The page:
Natural disasters, human errors and terrorist attacks are just a few examples of events that can have enormous consequences for an activity.
Knowing the risks, preparing management and response plans, and knowing how to implement them in time of need are essential requirements for any activity. We will discover how large companies have faced crises that otherwise would have destroyed them, and we will learn how these experiences can help any company prepare for the worst.
It’s not about if it will happen, it’s about when.
The catastrophic events collected in the acronym DISRUPT
In recent years, more and more companies are finding themselves dealing with catastrophic events, and consequently they are changing their approach to the risk of business interruptions.
There are six main factors that have brought risk management to the fore.
These factors are often summarized with the acronym DISRUPT:
- Interdependencies – a denser network of interdependence between companies and services, for which an interruption risks affecting the entire supply chain;
- Short-term focus – the reduction of business cycle times, which leads to a more focused mentality on the present;
- Regulatory compliance – state risk prevention laws become increasingly specific and comprehensive;
- Urban concentration – urbanization goes hand in hand with the growth of some companies, and this increases the risks linked to the activities;
- Greater Probability of shocks – what appear to be minor risks in the long term tend to accumulate;
- Pressure for Transparency – companies are increasingly subject to scrutiny by the media and the public, and therefore interruptions also tend to play an increasingly important role in their public image.
Responsibility for a company’s readiness often falls on administrators, managers and managers, who are increasingly required to deal with risk planning and management.
If your organization has not yet faced a serious outage or crisis, the question to ask is not if it will happen, but when.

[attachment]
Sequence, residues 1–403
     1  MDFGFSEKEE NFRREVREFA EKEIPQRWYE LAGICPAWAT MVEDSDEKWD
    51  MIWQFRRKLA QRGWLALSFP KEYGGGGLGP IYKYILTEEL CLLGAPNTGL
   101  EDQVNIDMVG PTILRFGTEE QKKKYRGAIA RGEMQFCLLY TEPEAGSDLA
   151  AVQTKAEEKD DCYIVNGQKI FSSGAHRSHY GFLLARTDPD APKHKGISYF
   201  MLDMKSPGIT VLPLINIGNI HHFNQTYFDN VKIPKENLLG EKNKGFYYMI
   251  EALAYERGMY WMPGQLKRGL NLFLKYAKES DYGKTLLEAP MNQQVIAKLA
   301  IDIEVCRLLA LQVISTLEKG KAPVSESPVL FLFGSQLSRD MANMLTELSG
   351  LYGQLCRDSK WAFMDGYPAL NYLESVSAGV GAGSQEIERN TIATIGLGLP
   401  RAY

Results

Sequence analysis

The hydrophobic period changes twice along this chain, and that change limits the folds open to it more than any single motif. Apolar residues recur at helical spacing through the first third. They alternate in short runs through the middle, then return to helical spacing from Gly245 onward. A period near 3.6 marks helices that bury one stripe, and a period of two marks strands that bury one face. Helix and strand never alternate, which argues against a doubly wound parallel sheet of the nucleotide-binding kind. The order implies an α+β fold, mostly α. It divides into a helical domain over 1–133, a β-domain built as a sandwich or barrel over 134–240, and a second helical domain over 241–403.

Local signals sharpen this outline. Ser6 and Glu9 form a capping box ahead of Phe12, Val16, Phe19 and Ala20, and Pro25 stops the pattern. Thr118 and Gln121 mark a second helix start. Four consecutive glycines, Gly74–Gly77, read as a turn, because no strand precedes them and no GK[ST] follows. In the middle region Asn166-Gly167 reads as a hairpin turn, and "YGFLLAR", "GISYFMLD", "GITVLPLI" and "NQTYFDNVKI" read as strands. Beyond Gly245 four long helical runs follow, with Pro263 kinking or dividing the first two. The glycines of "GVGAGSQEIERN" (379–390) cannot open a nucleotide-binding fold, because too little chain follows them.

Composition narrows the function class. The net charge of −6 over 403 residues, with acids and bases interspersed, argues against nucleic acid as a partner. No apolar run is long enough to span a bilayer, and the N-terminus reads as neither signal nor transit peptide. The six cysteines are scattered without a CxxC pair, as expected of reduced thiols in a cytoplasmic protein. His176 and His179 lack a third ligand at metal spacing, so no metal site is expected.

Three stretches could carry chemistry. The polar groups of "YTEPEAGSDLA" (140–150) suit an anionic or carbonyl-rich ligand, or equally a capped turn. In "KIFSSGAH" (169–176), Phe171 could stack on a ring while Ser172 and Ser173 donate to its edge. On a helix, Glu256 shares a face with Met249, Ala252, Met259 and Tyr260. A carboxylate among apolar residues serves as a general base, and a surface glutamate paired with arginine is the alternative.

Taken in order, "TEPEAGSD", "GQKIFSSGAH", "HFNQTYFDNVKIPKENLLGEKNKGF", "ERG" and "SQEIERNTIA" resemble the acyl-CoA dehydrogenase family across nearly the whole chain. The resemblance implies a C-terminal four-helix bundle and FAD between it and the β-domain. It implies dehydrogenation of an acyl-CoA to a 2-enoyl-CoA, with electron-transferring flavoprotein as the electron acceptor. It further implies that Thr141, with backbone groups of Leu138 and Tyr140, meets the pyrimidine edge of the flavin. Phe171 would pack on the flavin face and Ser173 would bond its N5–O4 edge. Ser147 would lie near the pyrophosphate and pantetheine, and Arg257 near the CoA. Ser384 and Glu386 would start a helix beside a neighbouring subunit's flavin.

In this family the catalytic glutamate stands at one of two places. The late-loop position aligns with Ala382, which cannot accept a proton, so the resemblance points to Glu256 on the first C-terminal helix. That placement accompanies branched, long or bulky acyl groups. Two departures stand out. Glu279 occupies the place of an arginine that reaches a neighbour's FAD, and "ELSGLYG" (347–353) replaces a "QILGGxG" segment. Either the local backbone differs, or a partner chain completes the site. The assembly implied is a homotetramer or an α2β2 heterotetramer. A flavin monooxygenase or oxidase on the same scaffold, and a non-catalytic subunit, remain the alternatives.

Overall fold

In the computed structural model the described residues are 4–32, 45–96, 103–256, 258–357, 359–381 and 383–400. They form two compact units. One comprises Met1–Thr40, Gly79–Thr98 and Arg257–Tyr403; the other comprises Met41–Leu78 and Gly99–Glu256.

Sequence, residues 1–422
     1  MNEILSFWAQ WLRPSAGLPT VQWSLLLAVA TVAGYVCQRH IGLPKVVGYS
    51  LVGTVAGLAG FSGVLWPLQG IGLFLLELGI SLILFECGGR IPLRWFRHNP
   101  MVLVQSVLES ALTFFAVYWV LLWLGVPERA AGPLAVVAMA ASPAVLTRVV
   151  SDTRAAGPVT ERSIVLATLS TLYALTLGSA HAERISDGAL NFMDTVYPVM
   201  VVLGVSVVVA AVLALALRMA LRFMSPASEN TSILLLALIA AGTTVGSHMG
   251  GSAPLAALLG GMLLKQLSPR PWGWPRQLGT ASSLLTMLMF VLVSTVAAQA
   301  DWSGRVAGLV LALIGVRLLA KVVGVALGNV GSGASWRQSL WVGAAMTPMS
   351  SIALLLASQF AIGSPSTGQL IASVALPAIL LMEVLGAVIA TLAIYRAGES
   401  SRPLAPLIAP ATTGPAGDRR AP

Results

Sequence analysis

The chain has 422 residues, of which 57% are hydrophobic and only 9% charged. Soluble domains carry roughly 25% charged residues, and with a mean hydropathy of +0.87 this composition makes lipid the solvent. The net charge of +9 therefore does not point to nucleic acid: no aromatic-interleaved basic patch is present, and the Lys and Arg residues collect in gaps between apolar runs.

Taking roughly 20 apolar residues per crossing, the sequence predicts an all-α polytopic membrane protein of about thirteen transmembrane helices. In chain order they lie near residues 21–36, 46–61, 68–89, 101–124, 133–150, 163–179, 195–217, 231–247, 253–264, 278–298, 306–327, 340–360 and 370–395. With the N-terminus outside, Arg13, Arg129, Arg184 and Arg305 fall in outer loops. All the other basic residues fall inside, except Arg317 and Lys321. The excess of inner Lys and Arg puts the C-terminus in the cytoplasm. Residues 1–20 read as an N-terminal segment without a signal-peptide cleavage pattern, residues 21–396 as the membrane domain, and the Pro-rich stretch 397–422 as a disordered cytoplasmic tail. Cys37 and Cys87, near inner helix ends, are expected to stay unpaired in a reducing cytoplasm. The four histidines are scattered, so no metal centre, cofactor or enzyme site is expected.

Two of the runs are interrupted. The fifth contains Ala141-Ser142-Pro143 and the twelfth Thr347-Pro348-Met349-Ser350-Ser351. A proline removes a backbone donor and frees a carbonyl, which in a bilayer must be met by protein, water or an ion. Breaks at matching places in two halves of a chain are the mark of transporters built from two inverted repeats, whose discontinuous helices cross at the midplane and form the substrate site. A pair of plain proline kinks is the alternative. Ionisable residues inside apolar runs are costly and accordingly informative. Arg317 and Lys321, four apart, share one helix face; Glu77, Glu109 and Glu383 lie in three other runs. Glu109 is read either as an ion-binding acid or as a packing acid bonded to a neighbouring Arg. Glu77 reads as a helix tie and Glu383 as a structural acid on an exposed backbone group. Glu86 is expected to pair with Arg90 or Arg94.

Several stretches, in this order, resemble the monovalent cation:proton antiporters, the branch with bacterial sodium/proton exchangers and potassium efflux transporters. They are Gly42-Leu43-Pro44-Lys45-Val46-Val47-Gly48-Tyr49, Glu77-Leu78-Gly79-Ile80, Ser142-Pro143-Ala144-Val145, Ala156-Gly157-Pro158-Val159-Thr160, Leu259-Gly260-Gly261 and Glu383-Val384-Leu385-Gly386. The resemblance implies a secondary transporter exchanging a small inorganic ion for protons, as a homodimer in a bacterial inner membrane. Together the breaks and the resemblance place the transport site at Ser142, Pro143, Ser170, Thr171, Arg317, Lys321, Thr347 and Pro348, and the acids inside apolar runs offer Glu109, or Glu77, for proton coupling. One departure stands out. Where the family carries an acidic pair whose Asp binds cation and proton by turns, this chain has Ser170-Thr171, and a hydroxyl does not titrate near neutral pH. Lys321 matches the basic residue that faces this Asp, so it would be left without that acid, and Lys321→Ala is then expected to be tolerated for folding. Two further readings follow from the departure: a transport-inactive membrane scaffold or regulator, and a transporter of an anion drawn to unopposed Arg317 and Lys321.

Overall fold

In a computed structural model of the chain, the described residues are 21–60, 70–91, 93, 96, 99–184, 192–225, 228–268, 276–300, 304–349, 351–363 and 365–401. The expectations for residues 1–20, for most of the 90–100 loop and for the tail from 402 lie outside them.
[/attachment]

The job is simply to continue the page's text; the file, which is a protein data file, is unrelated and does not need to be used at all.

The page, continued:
Disasters such as the terrorist attacks of 2001, Hurricane Katrina of 2005, the financial crisis of 2008-2009, and the earthquake in Japan of 2011 have led many companies to work more on predicting catastrophic risks, and to build risk management programs more robust, ready to be implemented in case of need.
Companies must be ready to imagine the unimaginable, plan response strategies, and prepare to face the worst.
Entrepreneurial decisions to manage interruptions
Managerial decisions are often made following an intuitive thought, characterized by different biases , that is, prejudices that lead not to face a situation objectively.
Among these, for example, there is the availability bias, or the tendency to base one’s own risk calculations using only the information available, thus leaving aside eventualities that have never occurred in personal or corporate experience.
When it comes to catastrophic events, therefore with low probability but high impact, a common trend is to underestimate the impact of events that have never occurred in the past, and to focus too much on events that have already happened.
Another bias that negatively affects managerial decisions is the status quo bias, or the tendency to try to keep a situation that seems stable unchanged.
All these arguments are part of an intuitive thought, which tends to be very personal, and therefore not to fully analyze a situation.
A deliberative approach, on the other hand, places greater attention on a systematic analysis, in addition to more complex decision protocols, both essential factors to guarantee the readiness of a company to face catastrophic scenarios.
Although the costs of designing and implementing these strategies are high, a positive aspect is that more executives are now ready to adopt a deliberative approach, having a greater awareness of the bias and that can lead them to make badly informed decisions, in addition to a greater openness to learning from the experiences of other companies that have faced similar situations.